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Enterprise 2.0: New Collaborative Tools for Your Organization's Toughest Challenges Hardcover – November 30, 2009

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Product Details

  • Hardcover: 240 pages
  • Publisher: Harvard Business Review Press; 1 edition (November 30, 2009)
  • Language: English
  • ISBN-10: 1422125874
  • ISBN-13: 978-1422125878
  • Product Dimensions: 0.8 x 6.5 x 9.5 inches
  • Shipping Weight: 1 pounds (View shipping rates and policies)
  • Average Customer Review: 4.5 out of 5 stars  See all reviews (41 customer reviews)
  • Amazon Best Sellers Rank: #318,385 in Books (See Top 100 in Books)

Editorial Reviews


“If you’re intent on positioning your business for the future, and would rather lead than follow, you need to read this book.” -Gary Hamel

We'd recommend this book to any under-appreciated CIO seeking self-improvement, and to executives trying to extract greater value from their IT spending… —ZDNet UK, October 12, 2009

From the Inside Flap

Harness New Collaborative Technologies for Competitive Gain

Most organizations realize that to succeed in today’s turbulent world, they need to perform as an integrated whole to tap into innovations and good ideas. Yet many still find it difficult to capture the collective intelligence of their employees and customers. Companies don’t know what they know—but they need to learn soon.

Thanks to a new class of collaborative technologies, organizations can now leverage information in valuable new ways, including: capturing accumulated knowledge; connecting employees who need information with the experts who have it; and enabling the best ideas to emerge organically. These technologies—labeled “Web 2.0”—first appeared on the Internet, where they powered successful social communities and collaborative platforms like Facebook and Wikipedia. Web 2.0 tools, practices, and philosophies are now being deployed by a wide range of organizations, making them more agile, productive, and innovative. This is the phenomenon of Enterprise 2.0.

In this compelling book, Andrew McAfee—a veteran researcher and writer on the business impact of technology, and the originator of the phrase “Enterprise 2.0”describes the power of Enterprise 2.0 and shows readers how to harness it. McAfee weaves together case studies, discussions of technological change, and multidisciplinary research to:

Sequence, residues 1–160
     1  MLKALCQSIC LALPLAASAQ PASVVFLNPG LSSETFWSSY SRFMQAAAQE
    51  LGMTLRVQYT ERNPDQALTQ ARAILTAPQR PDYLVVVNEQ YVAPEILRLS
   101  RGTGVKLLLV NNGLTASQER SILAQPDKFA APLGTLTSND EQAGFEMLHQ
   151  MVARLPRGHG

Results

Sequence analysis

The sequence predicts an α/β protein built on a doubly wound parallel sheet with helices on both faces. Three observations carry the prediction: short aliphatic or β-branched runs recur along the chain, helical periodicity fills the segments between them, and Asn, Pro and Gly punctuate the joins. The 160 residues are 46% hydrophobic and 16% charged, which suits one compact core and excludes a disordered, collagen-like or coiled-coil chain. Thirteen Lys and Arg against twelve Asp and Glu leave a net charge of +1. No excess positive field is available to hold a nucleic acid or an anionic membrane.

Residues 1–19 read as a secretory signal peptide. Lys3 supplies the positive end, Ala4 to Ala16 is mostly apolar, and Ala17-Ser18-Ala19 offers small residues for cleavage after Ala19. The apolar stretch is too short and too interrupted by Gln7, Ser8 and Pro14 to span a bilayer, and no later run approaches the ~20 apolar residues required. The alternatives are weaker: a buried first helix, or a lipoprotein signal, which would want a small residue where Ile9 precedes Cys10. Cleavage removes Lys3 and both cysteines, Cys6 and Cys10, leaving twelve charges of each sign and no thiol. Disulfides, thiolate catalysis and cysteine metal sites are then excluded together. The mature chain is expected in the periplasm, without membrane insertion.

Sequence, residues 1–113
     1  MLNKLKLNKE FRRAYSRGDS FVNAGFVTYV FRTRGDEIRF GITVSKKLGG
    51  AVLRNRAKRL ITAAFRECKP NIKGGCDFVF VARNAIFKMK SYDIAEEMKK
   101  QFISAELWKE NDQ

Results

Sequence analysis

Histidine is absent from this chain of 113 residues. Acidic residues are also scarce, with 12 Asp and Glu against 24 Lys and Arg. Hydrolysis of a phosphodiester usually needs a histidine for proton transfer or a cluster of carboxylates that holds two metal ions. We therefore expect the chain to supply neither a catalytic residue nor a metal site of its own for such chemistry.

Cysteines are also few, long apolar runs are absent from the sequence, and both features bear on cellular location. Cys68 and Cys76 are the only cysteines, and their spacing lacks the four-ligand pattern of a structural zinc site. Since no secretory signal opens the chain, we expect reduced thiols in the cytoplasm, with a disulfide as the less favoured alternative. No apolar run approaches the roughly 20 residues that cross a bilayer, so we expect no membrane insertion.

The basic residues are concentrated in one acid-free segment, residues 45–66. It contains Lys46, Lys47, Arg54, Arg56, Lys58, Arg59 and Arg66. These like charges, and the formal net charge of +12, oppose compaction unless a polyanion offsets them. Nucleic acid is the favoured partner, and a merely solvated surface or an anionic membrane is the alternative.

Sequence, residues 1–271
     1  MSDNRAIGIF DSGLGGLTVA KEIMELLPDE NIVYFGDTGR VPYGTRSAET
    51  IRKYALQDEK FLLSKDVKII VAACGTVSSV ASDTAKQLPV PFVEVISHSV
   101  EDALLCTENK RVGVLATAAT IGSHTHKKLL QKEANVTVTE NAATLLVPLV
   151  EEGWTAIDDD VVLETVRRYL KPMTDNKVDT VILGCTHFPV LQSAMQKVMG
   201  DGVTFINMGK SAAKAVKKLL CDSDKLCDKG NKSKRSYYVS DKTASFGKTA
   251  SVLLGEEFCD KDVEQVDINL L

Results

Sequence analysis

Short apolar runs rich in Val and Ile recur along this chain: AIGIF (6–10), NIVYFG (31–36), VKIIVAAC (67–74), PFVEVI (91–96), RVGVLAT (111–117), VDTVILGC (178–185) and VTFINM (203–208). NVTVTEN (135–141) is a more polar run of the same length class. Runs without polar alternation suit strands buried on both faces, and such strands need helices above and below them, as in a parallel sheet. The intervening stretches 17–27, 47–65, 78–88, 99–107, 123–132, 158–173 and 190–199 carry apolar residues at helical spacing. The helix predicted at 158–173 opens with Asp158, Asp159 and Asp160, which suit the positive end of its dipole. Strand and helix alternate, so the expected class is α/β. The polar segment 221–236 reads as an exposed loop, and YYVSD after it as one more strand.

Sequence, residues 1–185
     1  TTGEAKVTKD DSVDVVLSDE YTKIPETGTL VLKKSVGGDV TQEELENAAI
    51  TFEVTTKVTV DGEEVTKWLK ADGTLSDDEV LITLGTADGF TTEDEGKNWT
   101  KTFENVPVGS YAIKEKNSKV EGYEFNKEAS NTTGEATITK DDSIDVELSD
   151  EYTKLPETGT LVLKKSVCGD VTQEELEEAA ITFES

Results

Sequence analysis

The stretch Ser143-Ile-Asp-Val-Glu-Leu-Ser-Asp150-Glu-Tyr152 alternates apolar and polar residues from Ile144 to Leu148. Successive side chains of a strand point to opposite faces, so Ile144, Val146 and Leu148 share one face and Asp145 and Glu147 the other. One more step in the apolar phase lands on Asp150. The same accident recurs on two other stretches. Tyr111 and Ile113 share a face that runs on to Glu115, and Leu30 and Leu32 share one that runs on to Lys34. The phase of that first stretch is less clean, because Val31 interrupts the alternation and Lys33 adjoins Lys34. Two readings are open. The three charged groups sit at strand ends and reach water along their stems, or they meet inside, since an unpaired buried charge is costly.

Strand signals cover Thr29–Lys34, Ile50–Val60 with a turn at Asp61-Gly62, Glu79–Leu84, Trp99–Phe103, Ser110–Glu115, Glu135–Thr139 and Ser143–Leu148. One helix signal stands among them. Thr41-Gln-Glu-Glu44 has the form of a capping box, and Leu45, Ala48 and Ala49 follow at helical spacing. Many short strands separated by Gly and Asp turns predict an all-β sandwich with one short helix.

• Show how early adopters like Google, the BBC, and the CIA have profited from Enterprise 2.0
• Specify the concrete business benefits that arise when Web 2.0 technologies are properly deployed
• Reveal where the real risks and roadblocks are with Enterprise 2.0, and why most concerns are unfounded
• Guide companies through an Enterprise 2.0 deployment

Enterprise 2.0 is written not for technology experts, but for pragmatic decision makers in any kind of organization. Dispensing with hype, it takes a practical look at the competitive challenges facing so many organizations today and explores how they can be met and conquered with the right combination of novel technologies and enlightened leadership.

More About the Author

Andrew McAfee (@amcafee) studies how digital technologies are changing business, the economy, and society. He's written a couple books on the subject. His next one, The Second Machine Age: Work, Progress, and Prosperity in a Future of Brilliant Technologies (co-authored with Erik Brynjolfsson) will be published by Norton early in 2014.

He blogs, tweets, and writes for publications including Harvard Business Review, The Economist, The Wall St. Journal, and The New York Times. He's talked about his work at TED, on 60 Minutes, and in front of lots of smaller audiences. He was educated at Harvard and MIT, where he is the associate director of the Center for Digital Business.

He watches too much Red Sox baseball, doesn't ride his motorcycle enough, and starts his weekends with the NYT Saturday crossword.

Customer Reviews

This is the rare non-fiction book that you are disappointed to see end.
Andrew McAfee's book "Enterprise 2.0: New Collaborative Tools for Your Organization's Toughest Challenges" is well thought out and easy to read.
Marcus Dolce
Andrew McAfee did a very good job in summarising these tools and concepts into a book.
Sean Lew

Most Helpful Customer Reviews

58 of 63 people found the following review helpful By Mark P. McDonald VINE VOICE on December 28, 2009
Format: Hardcover
Writing this review has been is one of the hardest things I have had to do. I wanted to like this book, it's a great subject, a knowledgeable an author and great prior reviews. Unfortunately this book does not deliver making this review tough to put together. I would not suggest using this book to introduce Web 2.0 to the business. I know that this review may draw some heat from the other reviewers but here are the reasons behind my review and why I recommend reading McAfee's HBR article rather than investing the time in this book.